Basil is also a terrific source of vitamin A, folate, vitamin C and several minerals. 
’s ‘Did You Know?’
Thai basil is a different variety of the same herb, and used commonly in Asian cuisine. It tends to have a slightly more pungent, stronger taste that works well with stronger flavours. Both varieties are easy to grow at home in a pot, making it easy to have fresh leaves to hand. 

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beetroot
/beet-root/

Vegies

Beetroots have rarely been listed on typical superfood lists, but that is all likely to change. Recent research has shown that this beautifully vibrant purple root vegetable can significantly lower your blood pressure. Beetroots are one of the best sources of dietary nitrates. These are converted to nitric oxide in the body, which in turn helps to relax blood vessels and lower blood pressure.

Beetroots are also an excellent source of folate with a medium sized root (80g) providing 25% of the RDI for women. Folate is essential for protecting DNA from oxidative damage through our lifespan, and for creating healthy new cells. You'll also a good dose of fibre with almost 3g per beetroot and all for only 130kJ and 6g of carbohydrate. 

Beetroots contain a special group of phytonutrients called betalains - in particular two called betanin and vulgaxanthin. These are responsible for the fabulous colour, but they have also been studied for their anti-inflammatory and antioxidant power. They also seem to boost the detoxification processes in the body. All up they are a pretty worthwhile addition to your diet!

Try adding beetroot to your salads, grate raw beetroot and add to sandwiches and wraps, roast them in extra virgin olive oil and balsamic vinegar, or throw into your Vitamix to make a fabulous purple smoothie. 
’s ‘Did You Know?’
Some of you - an estimated 10-14% - may find that your urine has a pink hue after eating beetroots. This is called beeturia and although it is harmless it is more common in those with iron deficiency. It may be that you simply ate a lot of beetroots! So don't panic if it happens, but it just might be worth a check of your iron status.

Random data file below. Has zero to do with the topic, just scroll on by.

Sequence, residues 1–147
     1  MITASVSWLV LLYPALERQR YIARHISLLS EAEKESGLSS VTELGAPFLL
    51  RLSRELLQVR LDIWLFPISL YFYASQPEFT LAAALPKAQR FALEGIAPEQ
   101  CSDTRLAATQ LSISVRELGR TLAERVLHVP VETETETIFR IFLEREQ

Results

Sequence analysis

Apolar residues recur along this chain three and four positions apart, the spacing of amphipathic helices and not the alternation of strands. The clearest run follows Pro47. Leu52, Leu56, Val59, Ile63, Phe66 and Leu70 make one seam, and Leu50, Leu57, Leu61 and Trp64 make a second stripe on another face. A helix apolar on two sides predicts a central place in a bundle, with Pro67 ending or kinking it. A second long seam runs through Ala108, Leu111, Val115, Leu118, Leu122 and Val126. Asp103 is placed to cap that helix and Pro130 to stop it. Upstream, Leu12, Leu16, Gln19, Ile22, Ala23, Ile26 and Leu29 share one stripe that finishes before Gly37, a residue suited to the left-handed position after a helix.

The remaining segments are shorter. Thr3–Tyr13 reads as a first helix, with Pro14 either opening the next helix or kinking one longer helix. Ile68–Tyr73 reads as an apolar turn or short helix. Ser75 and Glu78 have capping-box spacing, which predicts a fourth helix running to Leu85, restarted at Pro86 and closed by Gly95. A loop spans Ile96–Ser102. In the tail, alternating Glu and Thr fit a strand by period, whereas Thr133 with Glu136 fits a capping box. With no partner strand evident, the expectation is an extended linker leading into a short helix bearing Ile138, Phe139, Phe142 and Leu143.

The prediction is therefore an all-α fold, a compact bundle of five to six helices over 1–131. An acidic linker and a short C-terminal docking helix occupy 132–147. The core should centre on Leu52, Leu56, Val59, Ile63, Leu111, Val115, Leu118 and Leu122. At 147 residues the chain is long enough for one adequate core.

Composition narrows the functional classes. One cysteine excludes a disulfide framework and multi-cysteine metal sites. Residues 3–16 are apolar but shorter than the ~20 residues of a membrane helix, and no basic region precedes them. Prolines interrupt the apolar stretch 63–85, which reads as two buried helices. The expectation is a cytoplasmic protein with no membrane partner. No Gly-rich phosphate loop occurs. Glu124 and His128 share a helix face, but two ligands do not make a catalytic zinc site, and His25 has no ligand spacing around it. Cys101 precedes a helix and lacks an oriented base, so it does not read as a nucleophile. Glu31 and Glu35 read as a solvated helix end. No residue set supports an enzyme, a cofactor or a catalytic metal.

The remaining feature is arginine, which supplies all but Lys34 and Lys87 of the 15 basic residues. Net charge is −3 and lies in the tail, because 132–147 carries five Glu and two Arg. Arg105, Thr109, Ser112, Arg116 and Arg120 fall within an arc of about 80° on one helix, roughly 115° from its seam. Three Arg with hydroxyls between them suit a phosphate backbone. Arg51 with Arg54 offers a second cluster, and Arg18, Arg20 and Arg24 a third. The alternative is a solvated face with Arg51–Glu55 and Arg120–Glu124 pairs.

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Beetroot Leaves
/beet-root leevz/

Vegies

Beetroot leaves are so often thrown away, yet when fresh and crisp they are delicious in salads, tossed into a stir-fry at the last minute, or you can add to a soup. They are nutrient-packed with 60% more fibre than kale, and more thiamin, riboflavin, magnesium, calcium and iron! They are also a good source of vitamin E, usually low in green leafy veg, with a cup of leaves providing almost 10% of your daily requirement.
’s ‘Did You Know?’
Beetroot leaves are also rich in the carotenoids that promote good eye health, lutein and zeaxanthin. A high consumption of these phytonutrients is associated with a reduced risk of cataracts and age-related macular degeneration, a major cause of blindness worldwide.

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Bok Choy
/bok choi/

Vegies

Bok Choy is a type of cabbage and is part of the brassica family of vegetables. These have strong associations with reducing cancer risk, especially of the stomach, colon, rectum and lung. This is thought to be due to the high levels of antioxidant compounds present, particularly the glucosinolates. 

Bok choy is also rich in many micronutrients (vitamins and minerals). A cup of bok choy provides about a third of your recommended intake of vitamin C, 11% of your vitamin A (made from the carotenoids present), 10% of your riboflavin, 9% of your thiamin, 9% of your folate, 7% of your calcium and iron, and 4% of your zinc and niacin. Adding a cup of bok choy to your stir fry gives your meal a real nutrient boost!